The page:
Don’t ask Sarah Chang whether she can fly or beat you up--because she probably can.
Chang is a five-time USA National Wushu Team member. “It’s what Jet Li does,” Chang explained of the Wushu sport, a modern form of standardized martial arts practiced in China, including the spear, which single-handedly ignited Chang's passion for Wushu at age 12.
“I like its fluidity and movements,” Chang said, adding that a person has to build a relationship with his or her weapon. From the way it’s taped to how it’s carved, she said it changes the balance of the spear. “There’s a lot of creativity and you can incorporate a lot of your own style into it.”
Born in McLean, Virginia, and now based in Beijing, Chang is focused on being an actress with martial arts skills, and not just the other way around. Chang grew up with a kung fu-loving father, which meant that family movie nights would consist of either a Bruce Lee flick or a Jackie Chan blockbuster.
Growing up, every Sunday morning after Chinese school, Chang and her older sister would don white T-Shirts, black pants, and white Keds, and learn Wushu from Zhang Guifeng, her first coach who was also Jet Li's teammate on the influential Beijing Wushu Team.
This was Chang’s first foray into Wushu. In addition to Wushu, Chang dabbled in the Chinese yo-yo, Chinese dance, and Chinese knotting class--all extracurricular activities at Chinese school. When Chang started training more intensely, she spent at least four days a week immersed in the world of Wushu, at two hours each session. Her mantra of “eat, sleep, Wushu” adequately described how much Wushu occupied her social life and how rigorous the training was.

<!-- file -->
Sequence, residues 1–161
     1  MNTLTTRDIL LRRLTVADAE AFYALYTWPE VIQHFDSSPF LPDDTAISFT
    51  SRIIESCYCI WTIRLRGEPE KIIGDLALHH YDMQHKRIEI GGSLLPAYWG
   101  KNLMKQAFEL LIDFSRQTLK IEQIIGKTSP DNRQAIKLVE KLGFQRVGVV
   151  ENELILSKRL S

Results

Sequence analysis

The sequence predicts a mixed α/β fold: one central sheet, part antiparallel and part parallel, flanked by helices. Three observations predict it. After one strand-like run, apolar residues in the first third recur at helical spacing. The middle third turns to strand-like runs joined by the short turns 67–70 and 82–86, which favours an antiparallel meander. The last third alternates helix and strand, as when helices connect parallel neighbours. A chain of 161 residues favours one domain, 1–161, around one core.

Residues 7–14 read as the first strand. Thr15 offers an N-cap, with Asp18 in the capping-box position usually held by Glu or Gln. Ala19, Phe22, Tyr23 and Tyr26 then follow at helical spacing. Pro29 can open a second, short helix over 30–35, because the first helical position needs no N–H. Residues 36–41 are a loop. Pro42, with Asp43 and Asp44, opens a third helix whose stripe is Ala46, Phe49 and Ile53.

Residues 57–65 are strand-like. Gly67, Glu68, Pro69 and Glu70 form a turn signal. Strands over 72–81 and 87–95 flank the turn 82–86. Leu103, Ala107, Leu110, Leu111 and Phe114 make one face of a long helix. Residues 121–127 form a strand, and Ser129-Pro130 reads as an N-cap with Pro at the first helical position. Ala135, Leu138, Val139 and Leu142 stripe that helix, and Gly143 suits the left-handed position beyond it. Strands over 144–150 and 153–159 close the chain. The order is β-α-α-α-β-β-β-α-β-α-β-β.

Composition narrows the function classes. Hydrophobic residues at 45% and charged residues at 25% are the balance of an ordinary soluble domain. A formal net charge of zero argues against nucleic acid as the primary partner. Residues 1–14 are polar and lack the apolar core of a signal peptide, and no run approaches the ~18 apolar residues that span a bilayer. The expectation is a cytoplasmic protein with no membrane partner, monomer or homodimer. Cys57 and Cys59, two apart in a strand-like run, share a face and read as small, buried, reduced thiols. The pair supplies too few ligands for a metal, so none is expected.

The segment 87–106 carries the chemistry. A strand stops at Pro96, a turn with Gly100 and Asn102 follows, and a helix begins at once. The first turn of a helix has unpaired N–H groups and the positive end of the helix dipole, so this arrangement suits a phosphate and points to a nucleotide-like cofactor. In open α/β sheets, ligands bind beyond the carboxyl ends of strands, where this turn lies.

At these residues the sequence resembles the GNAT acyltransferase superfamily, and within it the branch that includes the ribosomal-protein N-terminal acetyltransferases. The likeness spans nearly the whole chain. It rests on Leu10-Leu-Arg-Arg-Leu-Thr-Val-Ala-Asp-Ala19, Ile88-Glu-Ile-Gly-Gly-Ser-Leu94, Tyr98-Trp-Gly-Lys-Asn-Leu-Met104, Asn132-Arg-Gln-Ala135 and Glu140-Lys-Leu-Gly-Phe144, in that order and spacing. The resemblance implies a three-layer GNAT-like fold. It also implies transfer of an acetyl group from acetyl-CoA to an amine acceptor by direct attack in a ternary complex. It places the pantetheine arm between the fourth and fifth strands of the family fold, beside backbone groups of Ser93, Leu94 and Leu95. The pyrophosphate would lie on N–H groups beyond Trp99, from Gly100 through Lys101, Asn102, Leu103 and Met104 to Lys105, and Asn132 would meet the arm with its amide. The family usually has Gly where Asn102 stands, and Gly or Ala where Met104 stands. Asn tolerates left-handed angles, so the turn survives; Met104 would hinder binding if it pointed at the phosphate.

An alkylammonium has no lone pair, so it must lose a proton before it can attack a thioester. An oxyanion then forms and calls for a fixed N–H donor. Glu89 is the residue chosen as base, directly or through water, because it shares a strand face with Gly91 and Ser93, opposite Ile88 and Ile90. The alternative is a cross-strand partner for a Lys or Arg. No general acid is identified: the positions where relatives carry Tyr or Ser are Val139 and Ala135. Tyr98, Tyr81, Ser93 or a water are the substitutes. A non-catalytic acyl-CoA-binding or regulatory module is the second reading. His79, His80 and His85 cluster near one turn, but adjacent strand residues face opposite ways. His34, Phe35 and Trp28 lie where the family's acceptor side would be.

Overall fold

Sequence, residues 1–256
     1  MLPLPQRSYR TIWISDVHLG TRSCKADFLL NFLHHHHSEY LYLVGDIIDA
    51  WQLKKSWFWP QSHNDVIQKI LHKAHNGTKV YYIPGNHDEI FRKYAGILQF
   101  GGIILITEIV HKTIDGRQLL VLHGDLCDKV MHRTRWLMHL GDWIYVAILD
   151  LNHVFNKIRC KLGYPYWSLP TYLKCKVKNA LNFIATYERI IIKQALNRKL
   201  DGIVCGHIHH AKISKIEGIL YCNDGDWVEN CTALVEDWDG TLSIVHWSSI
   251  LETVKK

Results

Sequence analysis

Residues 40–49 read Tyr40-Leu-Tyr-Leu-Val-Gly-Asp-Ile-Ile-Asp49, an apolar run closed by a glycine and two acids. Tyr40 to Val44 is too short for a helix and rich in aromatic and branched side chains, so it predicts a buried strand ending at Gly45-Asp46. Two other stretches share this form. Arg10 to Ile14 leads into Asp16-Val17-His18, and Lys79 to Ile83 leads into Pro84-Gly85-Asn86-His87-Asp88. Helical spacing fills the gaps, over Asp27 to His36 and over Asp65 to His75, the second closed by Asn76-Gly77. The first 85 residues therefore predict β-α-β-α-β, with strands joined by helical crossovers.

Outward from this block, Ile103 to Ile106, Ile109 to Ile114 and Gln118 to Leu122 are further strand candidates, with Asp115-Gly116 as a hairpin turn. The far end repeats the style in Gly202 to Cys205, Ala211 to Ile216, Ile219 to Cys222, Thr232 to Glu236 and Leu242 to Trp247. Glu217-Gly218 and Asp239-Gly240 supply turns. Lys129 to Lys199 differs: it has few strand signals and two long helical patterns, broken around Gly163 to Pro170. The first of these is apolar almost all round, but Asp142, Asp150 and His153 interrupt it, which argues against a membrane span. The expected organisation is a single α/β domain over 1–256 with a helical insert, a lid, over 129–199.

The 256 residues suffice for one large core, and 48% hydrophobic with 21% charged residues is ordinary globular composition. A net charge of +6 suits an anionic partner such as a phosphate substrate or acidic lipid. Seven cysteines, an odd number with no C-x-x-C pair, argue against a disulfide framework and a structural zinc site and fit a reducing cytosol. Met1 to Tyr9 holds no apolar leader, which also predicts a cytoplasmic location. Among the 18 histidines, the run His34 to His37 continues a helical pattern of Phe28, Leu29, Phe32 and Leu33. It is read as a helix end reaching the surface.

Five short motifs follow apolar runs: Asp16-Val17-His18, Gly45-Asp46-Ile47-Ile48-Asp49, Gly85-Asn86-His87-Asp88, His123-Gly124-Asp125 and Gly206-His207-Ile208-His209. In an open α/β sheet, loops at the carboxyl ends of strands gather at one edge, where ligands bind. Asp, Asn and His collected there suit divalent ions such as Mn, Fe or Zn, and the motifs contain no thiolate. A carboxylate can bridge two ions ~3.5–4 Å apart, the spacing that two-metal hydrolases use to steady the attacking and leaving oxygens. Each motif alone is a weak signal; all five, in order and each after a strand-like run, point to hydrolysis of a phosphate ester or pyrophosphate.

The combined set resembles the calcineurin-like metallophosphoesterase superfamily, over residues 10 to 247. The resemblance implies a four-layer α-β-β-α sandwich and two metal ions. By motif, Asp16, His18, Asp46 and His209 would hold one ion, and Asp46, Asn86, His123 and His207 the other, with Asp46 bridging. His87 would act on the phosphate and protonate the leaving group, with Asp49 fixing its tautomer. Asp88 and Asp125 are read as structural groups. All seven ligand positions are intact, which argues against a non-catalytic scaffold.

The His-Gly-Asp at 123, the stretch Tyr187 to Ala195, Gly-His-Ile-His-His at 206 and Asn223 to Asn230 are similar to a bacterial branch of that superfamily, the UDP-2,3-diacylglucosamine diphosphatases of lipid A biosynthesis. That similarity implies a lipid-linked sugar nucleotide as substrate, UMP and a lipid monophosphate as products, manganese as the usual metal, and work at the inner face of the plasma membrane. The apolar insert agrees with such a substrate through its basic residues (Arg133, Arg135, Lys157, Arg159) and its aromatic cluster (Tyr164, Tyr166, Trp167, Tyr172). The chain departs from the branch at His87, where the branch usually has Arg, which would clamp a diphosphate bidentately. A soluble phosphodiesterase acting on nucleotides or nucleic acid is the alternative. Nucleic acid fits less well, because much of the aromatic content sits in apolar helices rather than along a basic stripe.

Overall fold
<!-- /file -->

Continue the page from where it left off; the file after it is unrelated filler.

Yet Wushu was her secret. “I thought Wushu was manly and what girls were not supposed to do,” Chang said. Chang’s white lie that she was at ballet class seemed to appease friends who questioned why she couldn’t hang out after school.
But Wushu was also the quiet identity that unexpectedly catapulted Chang into becoming the coolest kid in school overnight. In 10th grade, Chang was asked to portray the character of Mulan while the school orchestra performed the animated film’s score.
To everyone’s surprise, Chang didn’t just “do a couple of kung fu moves,” as per the request of her teacher. She performed Wushu, the sport she had been practicing for the past decade and had committed countless hours of training to.
After that, she no longer hid her "other life."
Chang’s first foray into the film industry was an action choreography gig in Taiwan. Soon her network expanded and she was introduced to Jimmy Hung’s action team, where the Taiwanese mini drama series “The Crossing Hero” had her acting and performing straight sword.
Although Chang is used to the disproportionate male-to-female ratio in Wushu, she hopes to one day make a “Sarah version of a Bruce Lee movie, because he always acts like himself.” Chang, who spent a semester at the prestigious Beijing Central Academy of Drama, is currently starring in her first musical in Beijing.
“What’s also important is that you need to create opportunities for yourself,” she said.
Chang adds that she wants to spread Wushu as a culture.
“It’s not all about the fighting,” Chang said. “It’s about cultivation of yourself and your mind.”